If you point to unusually cold weather as a sort of counter-evidence to the theory of catastrophic manmade global warming, you get met with jeers from the left who argue that you can’t use “localized” weather patterns to disprove something that they argue is happening globally on average. In other words, “so what if it’s cold in the winter?” But what is it that they do to “prove” global warming is still happening? They point to localized weather patterns.
A recent report released by the United Nations’ World Meteorological Organization (WMO) claimed that there is no global warming hiatus, and things like hot weather and unusually cold weather are “proofs” of manmade global warming. The Daily Caller reported:
“There is no standstill in global warming,” said WMO Secretary-General Michel Jarraud in a statement. “The warming of our oceans has accelerated, and at lower depths. More than 90 percent of the excess energy trapped by greenhouse gases is stored in the oceans. Levels of these greenhouse gases are at record levels, meaning that our atmosphere and oceans will continue to warm for centuries to come. The laws of physics are non-negotiable.”
According to the WMO, oceanic and atmospheric warming contributed to heat waves across the Southern Hemisphere, droughts in California and Brazil, as well as heavy rain storms and flooding in parts of Africa and Europe.
Oddly enough, warming is also responsible for the “frigid polar air [that] plummeted into parts of Europe and the southeast United States,” and “Antarctic sea ice extent [that] reached a record daily maximum.”
Global warming also meant that “Israel, Jordan, and Syria were struck by unprecedented snowfall,” according to the WMO.
But this is just one division within the UN. The UN’s own “climate change” division, the IPCC, claims that there isn’t enough data to show any kind of upward trend with catastrophic weather patterns. The Daily Caller continued:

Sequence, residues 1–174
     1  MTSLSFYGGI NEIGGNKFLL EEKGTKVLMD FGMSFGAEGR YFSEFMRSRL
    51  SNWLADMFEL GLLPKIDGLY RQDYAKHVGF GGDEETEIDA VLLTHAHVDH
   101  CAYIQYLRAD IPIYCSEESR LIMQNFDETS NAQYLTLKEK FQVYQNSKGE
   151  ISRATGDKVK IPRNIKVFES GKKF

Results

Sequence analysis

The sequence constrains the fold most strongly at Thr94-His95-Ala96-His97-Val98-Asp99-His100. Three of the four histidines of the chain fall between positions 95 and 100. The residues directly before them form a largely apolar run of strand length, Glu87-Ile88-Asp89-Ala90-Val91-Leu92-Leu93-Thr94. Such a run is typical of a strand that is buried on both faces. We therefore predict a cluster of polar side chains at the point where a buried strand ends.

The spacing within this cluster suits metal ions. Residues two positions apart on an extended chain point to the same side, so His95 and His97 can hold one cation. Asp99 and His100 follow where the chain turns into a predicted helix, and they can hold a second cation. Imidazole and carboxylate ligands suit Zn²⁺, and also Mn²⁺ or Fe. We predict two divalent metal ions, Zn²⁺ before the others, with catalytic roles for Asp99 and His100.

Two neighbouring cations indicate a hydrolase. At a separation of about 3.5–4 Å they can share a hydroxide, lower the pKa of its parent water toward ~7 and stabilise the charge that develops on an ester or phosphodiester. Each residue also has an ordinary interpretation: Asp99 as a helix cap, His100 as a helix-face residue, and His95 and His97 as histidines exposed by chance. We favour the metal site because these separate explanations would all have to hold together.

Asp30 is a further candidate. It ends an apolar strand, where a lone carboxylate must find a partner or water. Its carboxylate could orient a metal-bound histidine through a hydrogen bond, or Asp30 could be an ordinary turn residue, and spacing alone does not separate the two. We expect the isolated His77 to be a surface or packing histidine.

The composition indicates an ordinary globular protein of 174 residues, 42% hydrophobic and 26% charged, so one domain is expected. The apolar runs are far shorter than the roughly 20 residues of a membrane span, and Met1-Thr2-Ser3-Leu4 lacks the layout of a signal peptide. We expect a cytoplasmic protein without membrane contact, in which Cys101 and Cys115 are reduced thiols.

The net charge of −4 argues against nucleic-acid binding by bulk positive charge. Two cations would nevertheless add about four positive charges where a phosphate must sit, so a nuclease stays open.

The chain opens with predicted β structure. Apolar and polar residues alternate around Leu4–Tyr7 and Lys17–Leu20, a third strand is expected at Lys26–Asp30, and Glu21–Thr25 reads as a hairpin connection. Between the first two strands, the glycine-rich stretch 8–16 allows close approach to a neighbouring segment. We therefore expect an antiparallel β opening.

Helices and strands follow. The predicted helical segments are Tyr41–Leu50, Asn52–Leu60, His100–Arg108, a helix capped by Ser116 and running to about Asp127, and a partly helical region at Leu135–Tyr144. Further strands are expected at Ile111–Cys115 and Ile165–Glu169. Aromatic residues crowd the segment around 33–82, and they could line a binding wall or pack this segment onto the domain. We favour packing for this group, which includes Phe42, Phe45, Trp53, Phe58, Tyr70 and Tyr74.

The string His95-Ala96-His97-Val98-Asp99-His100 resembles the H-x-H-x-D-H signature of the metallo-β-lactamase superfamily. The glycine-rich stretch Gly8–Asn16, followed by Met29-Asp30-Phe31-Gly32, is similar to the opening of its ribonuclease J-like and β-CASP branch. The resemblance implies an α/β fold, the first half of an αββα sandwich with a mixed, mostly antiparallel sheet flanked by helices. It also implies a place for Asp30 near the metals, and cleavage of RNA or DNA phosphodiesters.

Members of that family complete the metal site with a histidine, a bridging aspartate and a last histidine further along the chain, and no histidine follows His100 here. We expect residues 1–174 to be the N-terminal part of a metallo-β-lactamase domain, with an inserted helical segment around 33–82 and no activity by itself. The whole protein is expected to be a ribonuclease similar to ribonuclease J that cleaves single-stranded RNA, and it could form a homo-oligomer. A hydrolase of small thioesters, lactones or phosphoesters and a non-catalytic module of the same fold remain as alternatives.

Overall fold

The U.N.’s Intergovernmental Panel on Climate Change found that there “is limited evidence of changes in extremes associated with other climate variables since the mid-20th century.” The IPCC also said current data shows “no significant observed trends in global tropical cyclone frequency over the past century. … No robust trends in annual numbers of tropical storms, hurricanes and major hurricanes counts have been identified over the past 100 years in the North Atlantic basin.”
“In summary, there continues to be a lack of evidence and thus low confidence regarding the sign of trend in the magnitude and/or frequency of floods on a global scale,” the IPCC said, adding that “that there is not enough evidence at present to suggest more than low confidence in a global-scale observed trend in drought or dryness (lack of rainfall) since the middle of the 20th century due to lack of direct observations, geographical inconsistencies in the trends.”
So, which group is right? Maybe that’s the wrong question. Which is the more politically profitable position to hold? The one that elicits this sort of reaction from the masses: “How much money do we throw at you so that you can keep us safe?!”